We’ve been working with Gwen (and her coach Simon Rawlinson) for a while now and it’s one of the coach-athlete teams that we’re most proud of. Many people might not be aware that we genuinely enjoy working alongside other coaches to deliver a “team” effort into the support of an athlete and it’s a balanced approach that tends to pay off in the long run. The climber gets a varied stimulus of coaching input, the coach doesn’t get hung up on “ownership” (this is definitely a problem in the industry unfortunately!) and the pathway of development is faster. Gwen’s progression and dedication is really second to none and we’re constantly impressed with the attitude that she (and her family!) have to maintaining a healthy climbing career.

Hi Gwen, firstly tell us a little about yourself! Where are you based and what type of climbing do you do?

I’m 13 and based in Cardiff, Wales but travel a lot around the UK climbing. I’m currently primarily a competition climber and have been selected for the GB Youth Development Climbing Team in 2017 and 2018. I compete regularly in both lead and bouldering but I’m also planning this year to focus on further building up my experience on real rock.

Photo credit: Rafael Ford Gonzalez @rafafordgonzalez

Who do you train with mostly? Is it a mixture of juniors and adults, guys and girls?

I train with a mixture of climbers – age and gender are not a factor which is what I love about climbing. The people I train with help challenge, support, and push me on to become a better climber. I also regularly meet up with climbing friends around the UK to train at different centres as I find this keeps training fun and fresh.

© Simon Rawlinson

What inspires you in your climbing at the moment? Do you have role models or is it more about “the goals” that you’re shooting for?

I find strong female climbers who work hard inspiring. I have my own goals but there are also many really positive female role models who I admire who are raising the standards in world climbing. Shauna Coxsey, Janja Garnbret, Jain Kim and the Japanese climbers are really inspiring in competitions. Outdoors, Margo Hayes and Ashima Shiraishi are amazing. I met quite a few of them in Arco, Italy last year and they were all lovely and inspiring!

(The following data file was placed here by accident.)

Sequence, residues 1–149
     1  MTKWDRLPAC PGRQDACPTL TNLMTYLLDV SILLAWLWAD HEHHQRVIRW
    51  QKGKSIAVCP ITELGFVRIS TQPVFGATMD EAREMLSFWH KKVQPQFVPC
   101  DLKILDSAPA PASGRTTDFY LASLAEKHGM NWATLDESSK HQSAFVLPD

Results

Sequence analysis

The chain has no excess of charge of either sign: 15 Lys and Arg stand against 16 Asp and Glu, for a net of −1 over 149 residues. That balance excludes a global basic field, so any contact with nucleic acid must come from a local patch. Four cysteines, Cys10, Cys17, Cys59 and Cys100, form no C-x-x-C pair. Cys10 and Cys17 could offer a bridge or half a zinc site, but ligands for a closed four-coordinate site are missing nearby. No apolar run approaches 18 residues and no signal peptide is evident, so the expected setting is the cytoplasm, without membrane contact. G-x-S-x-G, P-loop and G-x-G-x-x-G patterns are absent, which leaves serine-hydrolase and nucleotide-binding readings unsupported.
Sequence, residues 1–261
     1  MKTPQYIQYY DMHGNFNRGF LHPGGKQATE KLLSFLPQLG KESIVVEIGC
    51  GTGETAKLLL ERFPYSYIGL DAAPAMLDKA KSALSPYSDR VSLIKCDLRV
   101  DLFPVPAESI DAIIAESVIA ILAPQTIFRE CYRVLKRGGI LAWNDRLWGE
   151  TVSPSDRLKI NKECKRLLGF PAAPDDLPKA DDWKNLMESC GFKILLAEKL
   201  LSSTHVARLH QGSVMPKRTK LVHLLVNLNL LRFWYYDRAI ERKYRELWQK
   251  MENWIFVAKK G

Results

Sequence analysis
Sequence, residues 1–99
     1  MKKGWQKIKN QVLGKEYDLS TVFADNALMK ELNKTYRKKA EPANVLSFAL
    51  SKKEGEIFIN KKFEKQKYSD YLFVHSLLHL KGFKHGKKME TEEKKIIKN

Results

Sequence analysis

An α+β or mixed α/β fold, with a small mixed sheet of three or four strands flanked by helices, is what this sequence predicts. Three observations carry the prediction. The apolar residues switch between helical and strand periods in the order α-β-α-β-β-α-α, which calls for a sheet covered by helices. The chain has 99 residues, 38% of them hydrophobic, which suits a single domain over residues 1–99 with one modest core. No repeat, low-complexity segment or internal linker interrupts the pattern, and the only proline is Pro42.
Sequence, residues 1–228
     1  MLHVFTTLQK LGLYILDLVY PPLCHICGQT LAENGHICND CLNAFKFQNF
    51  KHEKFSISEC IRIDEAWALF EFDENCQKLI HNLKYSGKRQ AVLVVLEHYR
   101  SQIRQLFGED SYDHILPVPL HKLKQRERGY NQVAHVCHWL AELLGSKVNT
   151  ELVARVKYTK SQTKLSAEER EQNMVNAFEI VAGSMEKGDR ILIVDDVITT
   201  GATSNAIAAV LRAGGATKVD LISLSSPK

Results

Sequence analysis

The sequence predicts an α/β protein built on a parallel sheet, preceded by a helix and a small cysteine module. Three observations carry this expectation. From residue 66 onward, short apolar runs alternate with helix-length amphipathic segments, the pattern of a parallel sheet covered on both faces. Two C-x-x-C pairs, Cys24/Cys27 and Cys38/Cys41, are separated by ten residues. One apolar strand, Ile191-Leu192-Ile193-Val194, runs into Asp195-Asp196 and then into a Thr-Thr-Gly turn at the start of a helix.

How do you motivate yourself to train SO hard and SO consistently?! 

Setting goals for myself to achieve helps motivate me while training. Also climbing and training alongside other strong youth and adult climbers helps push me to train to the best level I can. It does also really help that we have a group of strong youth climbers in South Wales who spur each other on!

For you, what’s the most important thing to get right to make progress? Any secrets?

The most important thing for me is getting your head right – focus on what you want and the steps that will get you there and then go for it. It’s not always easy though as climbing is such a head game but it’s something I try to increasingly practice.

You’ve had Simon Rawlinson, mentor and coach you for quite some time – how do you feel about the experience that you get from coaching?

From a young age, Simon has been an amazing coach because he has inspired me and helped me to always try and reach my full potential. He is all about the whole climbing experience not just short-term gains, but setting positive habits that will last and he encourages me to ‘keep the faith on the journey’! It’s also about fun, hard work, trust, respect and sharing chocolate eclairs!

If you had to give 3 tips to your younger self, what would they be? 

Don’t be shy – ask questions, listen and learn from everyone!

Focus on future goals not current limitations – particularly if you fear falling as I did when I was younger!

It’s not the size of the dog in the fight; it’s the size of the fight in the dog!

Rafael Ford Gonzalez